ARLINGTON, VIRGINIA – APRIL 2014:
Beauty Pill is the musical brainchild of veteran producer and engineer Chad Clark, who founded the band in 2001 shortly after the dissolution of Smart Went Crazy. Both bands have received heaps of critical praise from outlets local to Washington D.C. and from the national press. Solid songwriting has turned Beauty Pill’s on-again/off-again status into something that promotes, rather than detracts, from its cult following. Beauty Pill recently teamed up with the Arlington, Virginia-based Artisphere museum to take on a unique artistic, musical, and sociological experiment. The band set up in a large room inside the museum with a windowed overlook and spent two weeks on display recording an album. Although they went in with racks of borrowed A-list studio gear, their initial recordings fell flat. It was only after Clark stripped everything down to just his Metric Halo ULN-8 interfaces that the recordings came alive, a testament to the ULN-8’s fantastic sound.
“Artisphere initially approached me to ask if I could do something ‘musical’ in the museum’s beautiful space,” explained Clark. “I was touring around, trying to come up with some ideas, when they showed me a large room with a window that overlooked it. It reminded me of Abbey Road Studio 2, where the Beatles made a lot of famous recordings. That put the idea in my head to do a recording there. It would be live in the sense that people would be watching us, but my plan was to record exactly as we would in a normal studio… including all of the discussions, overdubs, and the like. I thought it would interesting for the public to see that process – I have some non-musician friends who seem to think an album is made in almost the time it takes to listen to it!”
A musician first, Clark happily fell into engineering and production when other bands in the D.C.-area approached him because they liked the sound of Smart Went Crazy. He quit his day job in 1998 and spent nearly a decade between now and then as a mastering engineer at Silver Sonya. These days, he works mainly as a mix engineer, where he finds his passion for music is best nurtured. “It was working with Beauty Pill that first got me interested in the Metric Halo ULN-8,” Clark said. “It seemed to fit what I needed and what the band needed. Although I have nothing against low-fi recordings, I have no romance for them. I like sound that is vivid and the descriptions of the ULN-8 conveyed that idea. It’s turned out to be completely true – the ULN-8 is a miracle device! It’s incredibly flexible, and everything I record with it sounds amazing.”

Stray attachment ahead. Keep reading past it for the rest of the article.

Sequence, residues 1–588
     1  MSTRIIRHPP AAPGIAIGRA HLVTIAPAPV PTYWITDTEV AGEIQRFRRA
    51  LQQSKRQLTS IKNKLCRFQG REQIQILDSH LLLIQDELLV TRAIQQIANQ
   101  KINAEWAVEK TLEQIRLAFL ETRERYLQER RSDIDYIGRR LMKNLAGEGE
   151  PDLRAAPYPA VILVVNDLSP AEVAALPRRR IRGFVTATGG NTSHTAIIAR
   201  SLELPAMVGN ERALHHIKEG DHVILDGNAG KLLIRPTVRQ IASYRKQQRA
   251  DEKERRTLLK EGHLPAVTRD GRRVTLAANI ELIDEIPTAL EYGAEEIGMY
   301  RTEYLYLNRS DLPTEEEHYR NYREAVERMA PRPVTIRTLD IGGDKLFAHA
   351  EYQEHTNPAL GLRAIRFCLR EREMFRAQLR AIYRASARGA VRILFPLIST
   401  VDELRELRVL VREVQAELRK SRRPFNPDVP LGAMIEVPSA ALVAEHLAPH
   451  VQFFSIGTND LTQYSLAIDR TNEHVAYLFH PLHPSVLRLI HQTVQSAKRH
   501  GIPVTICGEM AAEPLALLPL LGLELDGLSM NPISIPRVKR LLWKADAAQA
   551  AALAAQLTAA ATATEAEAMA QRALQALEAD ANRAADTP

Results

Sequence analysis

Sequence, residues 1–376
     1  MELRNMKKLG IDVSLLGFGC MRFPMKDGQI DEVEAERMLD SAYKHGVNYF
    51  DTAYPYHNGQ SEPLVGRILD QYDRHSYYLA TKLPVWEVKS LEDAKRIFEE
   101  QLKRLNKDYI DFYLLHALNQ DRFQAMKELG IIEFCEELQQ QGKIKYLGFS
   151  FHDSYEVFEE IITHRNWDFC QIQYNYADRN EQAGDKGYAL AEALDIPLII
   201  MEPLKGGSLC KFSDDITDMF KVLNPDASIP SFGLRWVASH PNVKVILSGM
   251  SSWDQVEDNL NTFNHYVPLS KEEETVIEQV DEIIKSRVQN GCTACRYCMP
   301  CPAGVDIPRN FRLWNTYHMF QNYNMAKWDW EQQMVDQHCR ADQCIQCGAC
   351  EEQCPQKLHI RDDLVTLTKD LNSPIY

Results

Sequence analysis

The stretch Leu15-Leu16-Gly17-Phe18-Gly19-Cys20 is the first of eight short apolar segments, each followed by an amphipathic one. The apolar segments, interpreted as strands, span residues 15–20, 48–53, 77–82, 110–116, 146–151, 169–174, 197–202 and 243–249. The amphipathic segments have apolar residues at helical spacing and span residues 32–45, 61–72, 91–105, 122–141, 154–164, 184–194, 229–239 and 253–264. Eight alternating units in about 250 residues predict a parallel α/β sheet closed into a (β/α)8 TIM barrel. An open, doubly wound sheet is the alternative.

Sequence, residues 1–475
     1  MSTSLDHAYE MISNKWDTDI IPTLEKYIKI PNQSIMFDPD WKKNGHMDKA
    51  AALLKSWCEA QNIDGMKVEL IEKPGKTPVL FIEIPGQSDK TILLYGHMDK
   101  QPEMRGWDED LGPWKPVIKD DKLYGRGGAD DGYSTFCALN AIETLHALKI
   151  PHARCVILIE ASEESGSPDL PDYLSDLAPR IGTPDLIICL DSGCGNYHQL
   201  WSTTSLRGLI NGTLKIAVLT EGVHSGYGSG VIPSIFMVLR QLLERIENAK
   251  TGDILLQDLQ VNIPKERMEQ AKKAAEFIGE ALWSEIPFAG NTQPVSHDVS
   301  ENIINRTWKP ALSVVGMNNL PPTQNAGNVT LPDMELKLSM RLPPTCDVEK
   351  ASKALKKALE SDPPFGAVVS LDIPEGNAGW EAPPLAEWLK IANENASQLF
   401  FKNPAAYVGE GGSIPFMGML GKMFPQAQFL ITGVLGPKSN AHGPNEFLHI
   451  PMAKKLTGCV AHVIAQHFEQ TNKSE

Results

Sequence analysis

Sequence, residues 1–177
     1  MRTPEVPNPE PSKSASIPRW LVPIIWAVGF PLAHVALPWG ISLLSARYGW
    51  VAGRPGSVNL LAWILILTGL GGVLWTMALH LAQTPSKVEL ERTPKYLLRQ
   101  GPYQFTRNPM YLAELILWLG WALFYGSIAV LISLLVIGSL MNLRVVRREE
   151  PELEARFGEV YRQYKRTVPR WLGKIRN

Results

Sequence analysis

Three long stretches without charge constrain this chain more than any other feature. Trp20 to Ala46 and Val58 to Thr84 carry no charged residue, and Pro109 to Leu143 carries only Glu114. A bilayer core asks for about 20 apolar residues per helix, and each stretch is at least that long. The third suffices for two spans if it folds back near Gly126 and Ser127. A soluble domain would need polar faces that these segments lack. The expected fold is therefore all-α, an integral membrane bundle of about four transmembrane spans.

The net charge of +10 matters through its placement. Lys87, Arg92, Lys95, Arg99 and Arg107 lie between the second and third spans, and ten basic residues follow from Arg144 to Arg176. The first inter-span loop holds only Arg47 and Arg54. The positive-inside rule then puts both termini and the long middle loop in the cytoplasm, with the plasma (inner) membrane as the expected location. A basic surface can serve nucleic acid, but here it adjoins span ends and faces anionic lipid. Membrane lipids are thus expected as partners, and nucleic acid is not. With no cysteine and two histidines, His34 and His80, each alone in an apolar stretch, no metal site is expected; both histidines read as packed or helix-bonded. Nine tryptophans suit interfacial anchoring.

Nevertheless, when someone goes to do a big studio recording – especially one that will be on display – there are certain preamps with legacies deep in the recordings of the late 1960s that engineers naturally assume will be the best choice for a rock record. With the help of friends at local studios, Clark amassed a rack of the choicest analog preamps and processors available. “We mic’d everything up with the best mics for each application and ran them to the textbook pro preamps that engineers have been using for decades,” he said. “The initial recordings were okay, but they weren’t fantastic. We all agreed that they fell kind of flat. So we simplified the mic’ing and pulled out all those great preamps, relying entirely on the Metric Halo ULN-8s for preamps and conversion to 24-bit/88.2kHz.”
He continued, “It was a revelation. The sound came alive. It was vivid and tactile. The ULN-8 preamps are just stellar. That was a convincing test, and now I never wonder about using anything but the ULN-8s now. I think it’s worth pointing out that although Metric Halo’s use of the term ‘archival quality’ is totally appropriate, it shouldn’t give anyone the idea that the ULN-8 is only for purists or documentary recording styles. Beauty Pill’s Artisphere recording is far from documentary. We use all kinds of overdubs and textures and found sounds. The quality of the ULN-8 simply makes that mode of recording more vivid and involving.”
Some of the band’s friends advised them against the experiment, citing YouTube’s “comment culture” as an example of how mean people can be when a band is vulnerable. “I suspect that if we had streamed the installation or posted video, things might have gotten ugly,” said Clark. “But the people who came to the exhibit were completely supportive. Sure, there were some uncomfortable moments when we were arguing amongst ourselves, but I mainly felt empathy from the window. They were wishing us well. It was an encouraging experiment!”
Ultimately, Immersive Ideal ran as an interactive multimedia photography and music exhibit with pictures from the recording sessions paired with a surround-sound mix of the final versions. Beauty Pill anticipates releasing it as a conventional stereo recording in the fall.
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